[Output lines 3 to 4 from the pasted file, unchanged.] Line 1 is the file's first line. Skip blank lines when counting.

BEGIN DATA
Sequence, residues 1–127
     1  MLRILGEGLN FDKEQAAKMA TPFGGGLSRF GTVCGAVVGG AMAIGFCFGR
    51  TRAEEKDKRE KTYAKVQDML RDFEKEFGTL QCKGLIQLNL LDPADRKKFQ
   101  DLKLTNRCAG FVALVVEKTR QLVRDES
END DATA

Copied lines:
    51  TRAEEKDKRE KTYAKVQDML RDFEKEFGTL QCKGLIQLNL LDPADRKKFQ
   101  DLKLTNRCAG FVALVVEKTR QLVRDES